The Competitive Advantage Of Switzerland. Is It Sustainable? Is It Replicable? It Is Where Design Thinking Is In Action.

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We are trying to fix the world, the companies and many of our wicked problems that were mostly 100% man-made. Economists, policy makers, academics are spending too much studying our dysfunctional organizations and societies and trying to figure out why the high level of poverty, joblessness and hopelessness and how we are struggling with competing against low-cost producers and how low-cost producers are struggling with ultra-low-cost producers. The reasons are quite obvious and the problem is at a systemic and structural level. Capitalism has been suffering from major setbacks for the last 10 years and the future in its curent form is uncertain.

Switzerland has a very high living standard. Even compared to the London, Seoul, Tokyo, Hong Kong and San Francisco. It has few natural resources, yet it has managed to have one of the highest per capita incomes in the world. It has a decent private health care system and a sound currency and a very efficient public transport system. It has one of the lowest marginal tax rate on average income workers in the world at 20%. And no capital gain tax. Average folks in Geneva, Basel or Zurich would need to work for 7-8 hours to make enough to buy an iPad mini, pretty much the same as in London and New York. Geneva and Zurich cost around 45-50% more for food which I still don’t understand why and the food is not great, perhaps I am paying a prenium for super-organic-fair-trade-politically-neutral food. This very small country can maintain leadership in multiple industries from pharma to chocolates, watches and banking and insurance is a miracle. How do they do it?

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They did it without the benefit of a large domestic market. And they did it without extensive integration in supply chain which is a key competitive advantage in electronics industry as an example. Switzerland is no question the most innovative country in Europe, ahead of second-placed Sweden followed by UK, according to an annual study by the European Union. Switzerland is no perfect model, but it has a lot for others to learn. Singapore is trying hard to do that. And Canada and Australia should do the same. The Swiss are super practical people and that is being reflected in how companies are being managed.

Switzerland is both united and divided. That’s the beauty of it. This is where Design Thinking is in full action. It perfectly fits my definition of Design Thinking which defines Design Thinking as the search for a magical balance between business and art, intuition and logic, concept and execution and control and empowerment. Switzerland is a country that should not do well as it defies most of the norms for strategy. No common language, lack of scale, high labor costs, overly divisified in different industries, lack of deep political beliefs. It is a country made from linguistic, political, historic and religious divisions and yet maintaing that balance. And it is not political, comparing these crazy politics happening around the world that literally stopping our world from moving forward.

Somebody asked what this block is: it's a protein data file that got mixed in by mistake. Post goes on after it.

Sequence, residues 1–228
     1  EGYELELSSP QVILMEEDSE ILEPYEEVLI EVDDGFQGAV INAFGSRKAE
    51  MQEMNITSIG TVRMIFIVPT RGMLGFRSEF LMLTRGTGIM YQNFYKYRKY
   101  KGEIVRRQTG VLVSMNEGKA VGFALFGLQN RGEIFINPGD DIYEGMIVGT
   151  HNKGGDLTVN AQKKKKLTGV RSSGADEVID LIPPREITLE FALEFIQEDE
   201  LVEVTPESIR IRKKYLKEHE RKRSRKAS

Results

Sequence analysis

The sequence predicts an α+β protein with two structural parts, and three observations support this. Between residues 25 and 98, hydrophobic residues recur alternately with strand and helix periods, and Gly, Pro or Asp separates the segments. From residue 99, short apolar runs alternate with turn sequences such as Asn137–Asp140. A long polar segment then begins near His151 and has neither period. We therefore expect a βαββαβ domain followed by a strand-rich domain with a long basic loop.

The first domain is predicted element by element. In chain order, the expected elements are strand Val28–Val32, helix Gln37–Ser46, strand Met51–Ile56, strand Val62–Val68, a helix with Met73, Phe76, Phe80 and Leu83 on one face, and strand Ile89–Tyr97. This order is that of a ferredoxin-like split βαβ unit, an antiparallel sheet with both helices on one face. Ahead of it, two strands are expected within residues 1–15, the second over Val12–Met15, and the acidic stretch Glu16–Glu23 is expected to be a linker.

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Switzerland’s strict neutrality is an important driver and many countries should consider adapting the same. We need to de-politicize the world. It is creating more problems that it can solve. “They swore an oath to remain different from one another”, wrote Denis de Rougemont, Neuchâtel-born philosopher. “The reason for their solidarity was not to attain collective power but rather to maintain the autonomy of each individual.”

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Switzerland’s wealth is driven by the multinational companies in highly innovative and competitive sector. I am not sure exactly how that happened and curious to do some investigation and study. Studies and studies will tell you this is the result of a well-developed higher education and public-private co-publications. I suspect there is more that that. Honestly if you ask them, most cannot tell you why they did well.

Here are a few Swiss innovations that you may not have known other than the first form of cheese:

  • Electric telegraph 1774
  • Cut pattern for clothes 1844
  • Chococlate bar 1849
  • Army pocket knive 1891
  • Meat beef cube 1908
  • Toblerone 1908
  • Potato chips 1950
  • Electronic wristwatch 1959
  • Electric toothbrush 1960
  • Helvetica 1957

Despite all, Switzerland is still behind in terms of commercializing its innovation and IP. Perhaps a little more design thinking will help them to stay in the top.